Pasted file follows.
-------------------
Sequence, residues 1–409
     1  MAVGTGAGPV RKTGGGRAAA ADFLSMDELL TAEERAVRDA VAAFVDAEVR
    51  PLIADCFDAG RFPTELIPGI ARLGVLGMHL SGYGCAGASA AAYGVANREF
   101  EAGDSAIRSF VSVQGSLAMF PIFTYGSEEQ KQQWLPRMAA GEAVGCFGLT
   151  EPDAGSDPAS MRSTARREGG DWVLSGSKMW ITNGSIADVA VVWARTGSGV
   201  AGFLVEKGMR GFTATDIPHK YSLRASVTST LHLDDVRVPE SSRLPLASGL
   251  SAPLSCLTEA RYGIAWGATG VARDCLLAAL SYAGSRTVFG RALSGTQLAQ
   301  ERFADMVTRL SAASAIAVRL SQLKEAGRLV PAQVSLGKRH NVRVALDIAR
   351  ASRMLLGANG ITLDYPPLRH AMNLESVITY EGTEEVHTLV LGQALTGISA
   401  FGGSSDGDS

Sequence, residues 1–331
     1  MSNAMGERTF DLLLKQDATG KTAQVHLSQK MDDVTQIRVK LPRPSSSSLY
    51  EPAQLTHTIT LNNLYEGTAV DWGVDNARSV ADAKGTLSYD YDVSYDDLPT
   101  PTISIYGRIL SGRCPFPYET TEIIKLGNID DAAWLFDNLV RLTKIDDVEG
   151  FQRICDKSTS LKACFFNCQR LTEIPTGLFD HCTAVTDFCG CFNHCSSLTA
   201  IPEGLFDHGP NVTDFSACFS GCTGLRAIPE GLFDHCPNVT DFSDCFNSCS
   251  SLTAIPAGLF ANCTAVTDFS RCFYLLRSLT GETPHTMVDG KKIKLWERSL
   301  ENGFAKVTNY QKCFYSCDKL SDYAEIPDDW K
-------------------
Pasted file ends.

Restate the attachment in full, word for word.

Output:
Sequence, residues 1–409
     1  MAVGTGAGPV RKTGGGRAAA ADFLSMDELL TAEERAVRDA VAAFVDAEVR
    51  PLIADCFDAG RFPTELIPGI ARLGVLGMHL SGYGCAGASA AAYGVANREF
   101  EAGDSAIRSF VSVQGSLAMF PIFTYGSEEQ KQQWLPRMAA GEAVGCFGLT
   151  EPDAGSDPAS MRSTARREGG DWVLSGSKMW ITNGSIADVA VVWARTGSGV
   201  AGFLVEKGMR GFTATDIPHK YSLRASVTST LHLDDVRVPE SSRLPLASGL
   251  SAPLSCLTEA RYGIAWGATG VARDCLLAAL SYAGSRTVFG RALSGTQLAQ
   301  ERFADMVTRL SAASAIAVRL SQLKEAGRLV PAQVSLGKRH NVRVALDIAR
   351  ASRMLLGANG ITLDYPPLRH AMNLESVITY EGTEEVHTLV LGQALTGISA
   401  FGGSSDGDS

Sequence, residues 1–331
     1  MSNAMGERTF DLLLKQDATG KTAQVHLSQK MDDVTQIRVK LPRPSSSSLY
    51  EPAQLTHTIT LNNLYEGTAV DWGVDNARSV ADAKGTLSYD YDVSYDDLPT
   101  PTISIYGRIL SGRCPFPYET TEIIKLGNID DAAWLFDNLV RLTKIDDVEG
   151  FQRICDKSTS LKACFFNCQR LTEIPTGLFD HCTAVTDFCG CFNHCSSLTA
   201  IPEGLFDHGP NVTDFSACFS GCTGLRAIPE GLFDHCPNVT DFSDCFNSCS
   251  SLTAIPAGLF ANCTAVTDFS RCFYLLRSLT GETPHTMVDG KKIKLWERSL
   301  ENGFAKVTNY QKCFYSCDKL SDYAEIPDDW K